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ChemWiki: The Dynamic Chemistry Hypertext > Under Construction > Demonstrations > Additional Demos > The Relative Activity of Metals

The Relative Activity of Metals

Chemical Concepts Demonstrated

  • Relative activity of metals
  • Metal classification based on reactivity

Demonstration

  • Drop samples of sodium, magnesium, aluminum, and iron metal into water.
  • Drop samples of magnesium, aluminum, and iron metal into 6M HCl.

 

METAL

WATER

HCl

sodium Highly reactive in water.

Highly reactive in acid.

magnesium No reaction in water at room temperature.

Reacts rapidly in acid.

aluminum No reaction in water at room temperature.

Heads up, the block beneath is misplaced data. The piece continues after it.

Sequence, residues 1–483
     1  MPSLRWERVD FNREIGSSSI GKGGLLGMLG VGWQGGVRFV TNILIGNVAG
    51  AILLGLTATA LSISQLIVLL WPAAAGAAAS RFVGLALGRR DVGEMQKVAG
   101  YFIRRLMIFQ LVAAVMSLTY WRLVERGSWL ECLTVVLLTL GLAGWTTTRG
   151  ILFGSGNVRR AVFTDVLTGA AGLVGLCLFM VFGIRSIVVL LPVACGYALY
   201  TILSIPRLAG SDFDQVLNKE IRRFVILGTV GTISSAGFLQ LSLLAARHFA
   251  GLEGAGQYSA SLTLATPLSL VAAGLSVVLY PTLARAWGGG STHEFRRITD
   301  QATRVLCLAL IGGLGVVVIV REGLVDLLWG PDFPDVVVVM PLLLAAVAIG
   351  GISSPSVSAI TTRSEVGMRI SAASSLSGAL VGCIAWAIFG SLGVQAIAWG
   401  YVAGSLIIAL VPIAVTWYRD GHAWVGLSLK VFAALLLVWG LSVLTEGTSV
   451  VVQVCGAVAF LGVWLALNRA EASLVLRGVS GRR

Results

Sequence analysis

No reaction.

iron No reaction in water.

No reaction.

Explanation

Notice the metals' locations in the periodic table. The most reactive metals have the greatest tendency to lose electrons to form positively charged ions. Metals, therefore, become more reactive as they are located further to the left on the periodic table. Based on the activities of the metals, the four metals can be separated into three different categories:

  1. Reactive in both acid and water (i.e. high reactivity): sodium (and, by extension, other alkali metals)
  2. Reactive in acid, but not water (i.e. moderate reactivity): magnesium (and, by extension, other alkaline-earth metals)
  3. Unreactive in both acid and water (i.e. low reactivity): aluminum and iron (and, by extension, other transition and Group IIIA metals)

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Last modified
16:05, 18 Feb 2014

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This material is based upon work supported by the National Science Foundation under Grant Numbers 1246120, 1525057, and 1413739.

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